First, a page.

With the World Cup just one year away, Australia’s series with Ireland was a vital series for Michael Cheika to take stock and have a look at the players that he may have at his disposal come next year.
Ireland have had a superb year and are currently ranked number two in the world. The combined score over the three tests was a 55-55 draw showing how close it was and giving Cheika a lot of positives to take out of the series. In saying that, there are also a couple of areas that need to be improved and looked at for the Wallabies to be serious contenders at the big dance.
Here are a few things that Cheika would have learnt:
1 – This one is more of a reminder, but what a player David Pocock is. Having taken a sabbatical away from rugby he slipped back in seamlessly and was the man of the series. His work at the breakdown was immense, consistently disrupting the Irish ball and making a nuisance of himself. He is an indispensable player that simply has to be in the team for Australia to be really competitive.
2 – Taniela Tupou is the future. Sekope Kepu’s days may well be numbered. Every time Tupou came on he made an impact in both the scrum and the loose. A dynamic and powerful ball runner, he is always looking for work and takes some stopping. His raw strength and power make him a weapon at scrum time and one that Ireland struggled to deal with even with their star-studded front row of Furlong, McGrath and Healy.
The one thing that may be in Kepu’s favour, other than his experience, is the fact that Tupou is so dynamic off the bench offering something and Kepu simply doesn’t offer the same threat.
3 – Will Genia is almost as important to the team as Pocock. When he was injured in the second test his absence was noticeable. His control of the game is superb and his pass is a lot better than the current back up Nick Phipps.
This will be an area of concern for Cheika. Tournament rugby is notoriously tough with games coming thick and fast and there being such a big difference in first and second choice scrumhalf will need to be addressed.
4 – Lukhan Tui and Pete Samu offer a good foil to Hooper and Pocock. Whilst Hooper and Pocock’s game is disruptive and with ball in hand they tend to link the play more, Tui and Samu are power back rowers. This is something Australia has needed for a while.
With George Smith there was Toutai Kefu and Wycliff Palu providing the power. David Lyons had that about his game but there has been a dearth of that in the squad. If Tui’s run on debut was anything to go by and he continues to develop then they may have just found that balance.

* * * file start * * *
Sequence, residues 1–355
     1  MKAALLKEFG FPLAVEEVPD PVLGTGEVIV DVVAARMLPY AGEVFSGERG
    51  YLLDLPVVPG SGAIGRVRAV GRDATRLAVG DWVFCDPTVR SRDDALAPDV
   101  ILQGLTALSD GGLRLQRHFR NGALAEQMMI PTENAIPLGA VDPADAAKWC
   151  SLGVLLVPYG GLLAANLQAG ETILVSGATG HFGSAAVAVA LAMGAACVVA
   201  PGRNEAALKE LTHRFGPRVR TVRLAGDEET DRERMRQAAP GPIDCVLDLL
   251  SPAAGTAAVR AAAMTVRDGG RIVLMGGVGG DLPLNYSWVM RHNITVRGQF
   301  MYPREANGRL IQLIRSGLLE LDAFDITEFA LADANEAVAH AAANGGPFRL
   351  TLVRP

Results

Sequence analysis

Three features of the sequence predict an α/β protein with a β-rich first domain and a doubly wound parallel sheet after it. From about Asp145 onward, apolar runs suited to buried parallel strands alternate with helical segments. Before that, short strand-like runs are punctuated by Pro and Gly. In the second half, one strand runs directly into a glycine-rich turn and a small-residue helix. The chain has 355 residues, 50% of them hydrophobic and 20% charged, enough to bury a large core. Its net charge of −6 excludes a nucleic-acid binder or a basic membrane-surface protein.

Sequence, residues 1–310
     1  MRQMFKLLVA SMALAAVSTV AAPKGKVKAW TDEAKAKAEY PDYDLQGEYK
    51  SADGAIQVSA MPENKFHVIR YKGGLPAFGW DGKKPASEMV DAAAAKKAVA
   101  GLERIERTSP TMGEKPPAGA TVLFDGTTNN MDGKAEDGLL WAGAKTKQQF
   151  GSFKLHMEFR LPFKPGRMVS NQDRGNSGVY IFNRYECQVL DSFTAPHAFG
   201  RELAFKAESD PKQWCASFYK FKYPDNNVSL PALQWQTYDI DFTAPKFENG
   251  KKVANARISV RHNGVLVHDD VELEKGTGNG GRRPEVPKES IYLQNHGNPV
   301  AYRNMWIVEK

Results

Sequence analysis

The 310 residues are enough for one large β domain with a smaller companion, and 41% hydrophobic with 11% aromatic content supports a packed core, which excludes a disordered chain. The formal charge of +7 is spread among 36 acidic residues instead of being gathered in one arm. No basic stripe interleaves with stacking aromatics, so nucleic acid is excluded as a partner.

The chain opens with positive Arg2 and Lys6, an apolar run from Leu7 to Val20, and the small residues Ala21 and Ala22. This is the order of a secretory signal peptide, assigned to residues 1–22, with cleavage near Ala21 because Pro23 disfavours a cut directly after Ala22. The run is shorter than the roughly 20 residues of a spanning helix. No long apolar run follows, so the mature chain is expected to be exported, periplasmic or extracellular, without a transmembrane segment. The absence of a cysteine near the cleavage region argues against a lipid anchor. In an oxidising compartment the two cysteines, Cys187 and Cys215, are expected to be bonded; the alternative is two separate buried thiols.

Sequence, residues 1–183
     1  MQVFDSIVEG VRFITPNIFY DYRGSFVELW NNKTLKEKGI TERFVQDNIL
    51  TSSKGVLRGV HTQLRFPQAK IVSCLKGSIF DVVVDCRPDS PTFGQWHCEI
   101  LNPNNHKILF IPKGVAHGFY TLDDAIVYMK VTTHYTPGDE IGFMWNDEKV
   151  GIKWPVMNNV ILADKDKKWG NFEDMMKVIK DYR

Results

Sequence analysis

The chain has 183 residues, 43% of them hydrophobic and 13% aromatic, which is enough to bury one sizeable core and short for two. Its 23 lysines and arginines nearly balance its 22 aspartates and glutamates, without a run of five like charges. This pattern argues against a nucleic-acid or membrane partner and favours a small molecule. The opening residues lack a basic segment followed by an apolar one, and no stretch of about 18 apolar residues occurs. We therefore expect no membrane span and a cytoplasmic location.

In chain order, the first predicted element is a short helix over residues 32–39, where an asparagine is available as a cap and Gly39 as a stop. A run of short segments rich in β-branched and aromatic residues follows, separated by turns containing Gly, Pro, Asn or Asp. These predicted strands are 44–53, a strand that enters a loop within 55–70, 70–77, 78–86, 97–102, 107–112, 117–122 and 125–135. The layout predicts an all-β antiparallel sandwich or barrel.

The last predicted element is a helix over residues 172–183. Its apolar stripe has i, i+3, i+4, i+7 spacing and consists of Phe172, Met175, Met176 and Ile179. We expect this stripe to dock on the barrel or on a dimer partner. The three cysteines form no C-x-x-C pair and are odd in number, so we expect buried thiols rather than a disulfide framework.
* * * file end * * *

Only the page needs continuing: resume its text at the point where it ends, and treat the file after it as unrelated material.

5 – The hooker position is still really up for grabs. Brandon Paenga-Amosa started the three tests but Tolu Latu did himself no harm with his performances. The problem both have is their set piece. Their lineout work can be erratic and with Adam Coleman packing down they have a great lineout option, so no excuses.
Both players like ball in hand and Latu’s defence is fierce but they need to make sure that their bread and butter is sorted. Whilst
both are good players, neither can currently be considered world class and this could be an area other teams target.
6 – Cheika seems to have found his preferred back line. The starting backs were only changed due to injury to Genia, with Kurtley Beale at 12 and Samu Kerevi at 13 his centre pairing of choice. Kerevi doesn’t seem to be able to transfer is Super Rugby form to the International stage on a regular basis.
He has all the tools to be a great 13 and foil to Beale but he needs to perform on a regular basis.
7 – Another position with a glaring lack of depth is 10. Bernard Foley is the incumbent but below him there isn’t a whole lot. Quade Cooper seems to be persona non-grata now. Reece Hodge shapes as the backup but 10 it isn’t his preferred position. Foley himself runs hot and cold, with strike players such as Israel Folau and Marika Koroibete out wide giving them time and space would be devastating for opposition, something that doesn’t happen often enough.
8 – As mentioned, a lot of young talent has been given valuable game time against a top team.
This can only bode well for the future and with the Rugby Championship on the horizon, it will give the coaching team more time to
coach and evaluate these players as they start to form the skeleton of their World Cup squad.
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